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Reveling in a rainy garden

We'e been so starved for rain these past five or six years, I was starting to forget what it was like.

The past two months, we've had a series of nice, durable, gentle rains.  Heavy enough to soak but not to wash out. Frequent enough to foster growth, but not so frequent as to drown the seedlings. For us farmers, it's like having a self-gardening plot: we just have to go out every week or so and ooh and ahh over how fast everything is getting big.

Of all the gardens we've ever planted, I think this one has been the most rewarding.  The conditions -- timing, moisture, sun and season -- have come together perfectly.  We have plenty of mulch down so the weeds aren't even raising their heads.

We grew cabbage one summer (probably not the best season for that) and it seemed to take forever to see anything cabbage like. It's too early to see any embryonic cauliflowers, but the transformation from one week to the next is dramatic.

The lettuce is growing so well that we're able to harvest it for the dinner table!

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We worried about when to harvest the butternut squash. There's no greening, yellowing, reddening, deepening or other particular sign of ripeness once the squash grow to a certain size. Google Extension Service suggested harvesting before the first frost.  In California, that would be the day before Never.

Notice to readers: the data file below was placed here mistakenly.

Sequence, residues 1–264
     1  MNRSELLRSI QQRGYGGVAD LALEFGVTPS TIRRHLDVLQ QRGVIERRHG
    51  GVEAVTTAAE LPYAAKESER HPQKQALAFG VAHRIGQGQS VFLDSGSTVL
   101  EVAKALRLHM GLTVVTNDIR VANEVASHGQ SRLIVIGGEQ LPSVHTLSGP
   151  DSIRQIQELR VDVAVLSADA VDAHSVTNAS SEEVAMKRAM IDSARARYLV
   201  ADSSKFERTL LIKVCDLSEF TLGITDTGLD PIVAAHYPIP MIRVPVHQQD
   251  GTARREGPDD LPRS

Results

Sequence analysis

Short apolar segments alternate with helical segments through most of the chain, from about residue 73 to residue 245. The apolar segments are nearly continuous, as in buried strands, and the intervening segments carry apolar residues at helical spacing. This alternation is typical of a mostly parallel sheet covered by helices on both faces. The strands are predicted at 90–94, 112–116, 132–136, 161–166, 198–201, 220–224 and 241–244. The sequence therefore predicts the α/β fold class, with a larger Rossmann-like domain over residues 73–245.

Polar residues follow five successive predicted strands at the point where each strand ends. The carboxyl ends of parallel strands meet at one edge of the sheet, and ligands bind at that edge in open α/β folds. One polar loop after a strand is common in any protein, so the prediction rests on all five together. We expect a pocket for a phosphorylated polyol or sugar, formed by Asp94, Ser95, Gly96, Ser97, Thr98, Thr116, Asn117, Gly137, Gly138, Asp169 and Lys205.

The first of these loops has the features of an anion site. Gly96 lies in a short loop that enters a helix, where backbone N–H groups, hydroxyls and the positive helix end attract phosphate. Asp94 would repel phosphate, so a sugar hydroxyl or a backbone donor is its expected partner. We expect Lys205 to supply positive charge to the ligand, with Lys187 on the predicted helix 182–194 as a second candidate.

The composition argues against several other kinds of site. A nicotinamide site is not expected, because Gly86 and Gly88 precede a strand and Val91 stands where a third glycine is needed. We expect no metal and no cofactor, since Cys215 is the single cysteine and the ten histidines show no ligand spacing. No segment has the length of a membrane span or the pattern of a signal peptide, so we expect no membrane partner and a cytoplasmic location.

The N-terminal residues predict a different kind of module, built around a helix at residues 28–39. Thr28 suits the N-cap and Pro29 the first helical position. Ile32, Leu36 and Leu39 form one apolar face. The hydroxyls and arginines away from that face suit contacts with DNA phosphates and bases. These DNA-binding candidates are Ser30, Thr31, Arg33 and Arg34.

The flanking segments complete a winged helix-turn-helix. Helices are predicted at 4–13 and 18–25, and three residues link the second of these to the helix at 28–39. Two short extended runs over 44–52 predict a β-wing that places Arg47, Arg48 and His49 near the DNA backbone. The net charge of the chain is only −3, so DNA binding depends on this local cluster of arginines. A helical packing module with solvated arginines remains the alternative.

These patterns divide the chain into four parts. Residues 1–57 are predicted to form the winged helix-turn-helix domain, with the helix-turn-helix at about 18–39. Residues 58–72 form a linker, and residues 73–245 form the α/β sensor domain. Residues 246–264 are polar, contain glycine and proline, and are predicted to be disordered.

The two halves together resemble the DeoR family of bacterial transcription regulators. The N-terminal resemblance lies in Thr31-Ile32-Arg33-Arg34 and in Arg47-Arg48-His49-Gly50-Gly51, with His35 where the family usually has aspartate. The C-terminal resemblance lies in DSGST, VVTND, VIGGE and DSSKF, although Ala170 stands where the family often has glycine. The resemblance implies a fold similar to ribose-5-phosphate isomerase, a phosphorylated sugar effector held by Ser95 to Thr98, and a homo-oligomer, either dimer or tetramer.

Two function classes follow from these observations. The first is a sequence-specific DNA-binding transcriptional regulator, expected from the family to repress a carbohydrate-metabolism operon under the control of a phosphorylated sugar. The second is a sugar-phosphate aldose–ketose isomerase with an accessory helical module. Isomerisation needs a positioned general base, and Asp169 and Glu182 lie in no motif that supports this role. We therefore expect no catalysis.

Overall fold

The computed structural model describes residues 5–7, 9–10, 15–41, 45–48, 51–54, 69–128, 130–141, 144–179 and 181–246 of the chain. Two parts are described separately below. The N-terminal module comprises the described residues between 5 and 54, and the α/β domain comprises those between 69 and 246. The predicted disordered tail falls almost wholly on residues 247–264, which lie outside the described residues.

In Nature's wisdom, the plants told us. The huge green vines that had sprung up on their own, just turned brown and shrank back on their own, leaving six heavy butternut squashes dangling from their red and yellow net bags. (We'd strung them up to keep them away from the wetness of the earth and the mouths of the snails.) We cut them down and divided the harvest.
My first butternut squash, I simply seeded, roasted and scraped the flesh from the shell. Butternut is bland, a lovely gold color, but -- yawn -- not much flavor.  But it was fresh and home grown. That imparts something wonderful to it, if you have the stillness and focus to be aware.